On Reliable Sources Sunday morning, Frost told Howard Kurtz why Al Jazeera English may have gotten a bad rap from its association with its Arabic counterpart, famous – or infamous, depending on your point of view – for carrying many of the video and audio messages from Osama Bin Laden.
"Every company... delighted at those Osama bin Laden tapes. You see, they'd drop them through the letter box. They seem to be dropping them through our [Al Jazeera English's] letter boxes now. But from that, I mean, once they decided to use them, and there are lots they didn't use. But I mean once they decided to use them, so did the BBC, so did ITV, so did CBS, NBC, ABC. Everyone wanted them. And they just happened to be the lucky recipients," Frost said.
"Al Jazeera English came along and it immediately, people see it, they realize that it's independent, that it's international, that it's for the south as well as the north. And you can see it's not about Osama bin Laden any more than any other network is."
Frost was one of the well-known personalities who gave the channel instant credibility, and said that he has complete editorial independence.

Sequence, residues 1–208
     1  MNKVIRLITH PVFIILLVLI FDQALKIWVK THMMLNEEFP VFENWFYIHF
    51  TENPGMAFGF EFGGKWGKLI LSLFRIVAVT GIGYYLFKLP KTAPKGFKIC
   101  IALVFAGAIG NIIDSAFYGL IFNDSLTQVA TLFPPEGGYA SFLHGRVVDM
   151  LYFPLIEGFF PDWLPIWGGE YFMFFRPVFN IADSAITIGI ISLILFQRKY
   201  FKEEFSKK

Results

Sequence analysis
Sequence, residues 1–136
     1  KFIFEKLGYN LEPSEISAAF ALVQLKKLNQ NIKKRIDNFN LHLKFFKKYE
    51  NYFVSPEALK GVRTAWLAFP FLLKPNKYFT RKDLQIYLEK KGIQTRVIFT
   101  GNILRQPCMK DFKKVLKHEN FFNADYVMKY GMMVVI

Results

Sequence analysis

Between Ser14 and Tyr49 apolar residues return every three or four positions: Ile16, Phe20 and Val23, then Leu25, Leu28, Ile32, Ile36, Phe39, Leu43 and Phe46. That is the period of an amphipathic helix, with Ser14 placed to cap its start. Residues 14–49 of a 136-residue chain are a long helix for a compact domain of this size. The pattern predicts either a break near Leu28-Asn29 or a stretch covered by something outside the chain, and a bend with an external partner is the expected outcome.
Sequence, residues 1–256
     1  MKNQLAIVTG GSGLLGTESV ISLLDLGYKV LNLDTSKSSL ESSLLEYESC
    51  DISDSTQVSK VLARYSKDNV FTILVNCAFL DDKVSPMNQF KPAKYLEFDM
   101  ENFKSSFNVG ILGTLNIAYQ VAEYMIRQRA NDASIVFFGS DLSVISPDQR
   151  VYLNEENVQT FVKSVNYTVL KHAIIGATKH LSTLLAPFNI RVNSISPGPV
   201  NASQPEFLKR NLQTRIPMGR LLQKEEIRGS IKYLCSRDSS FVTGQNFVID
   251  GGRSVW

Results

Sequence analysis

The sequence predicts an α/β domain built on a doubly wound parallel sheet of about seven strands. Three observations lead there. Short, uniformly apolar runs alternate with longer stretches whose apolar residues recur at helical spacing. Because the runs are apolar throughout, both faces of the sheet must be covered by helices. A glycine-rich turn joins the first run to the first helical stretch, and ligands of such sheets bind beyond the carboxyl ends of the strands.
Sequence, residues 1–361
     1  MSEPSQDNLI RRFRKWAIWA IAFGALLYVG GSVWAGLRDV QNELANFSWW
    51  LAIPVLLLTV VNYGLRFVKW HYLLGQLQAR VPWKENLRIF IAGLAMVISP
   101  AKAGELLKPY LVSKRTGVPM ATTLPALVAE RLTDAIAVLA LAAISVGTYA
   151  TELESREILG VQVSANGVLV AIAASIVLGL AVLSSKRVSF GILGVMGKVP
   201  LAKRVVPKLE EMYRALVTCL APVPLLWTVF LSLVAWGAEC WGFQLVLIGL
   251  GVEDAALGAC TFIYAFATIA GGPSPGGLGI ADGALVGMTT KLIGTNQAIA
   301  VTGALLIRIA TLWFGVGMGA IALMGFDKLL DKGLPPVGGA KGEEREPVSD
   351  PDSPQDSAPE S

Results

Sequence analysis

"They assured me from the beginning that there was total editorial freedom, and there has been complete, total, no interference, whatsoever."
Kurtz also asked Sir David Frost about his interviews with President Richard Nixon – now fictionalized in the hit movie “Frost/Nixon." Even though the interviews took place over three decades ago, they sparked modern day journalistic issues such as 'checkbook journalism.' The former President was paid $600,000 for the series of interviews.
"Questions about checkbook journalism happened during the 18 months between when we signed and when we did it. But that really sort of came to an end when the first interview when out and everybody said this is history."
Frost conducted over 28 hours of interviews with Nixon, and said, "I don't know who else in the world there is to talk to for 28 and a quarter hours...except, perhaps, my wife."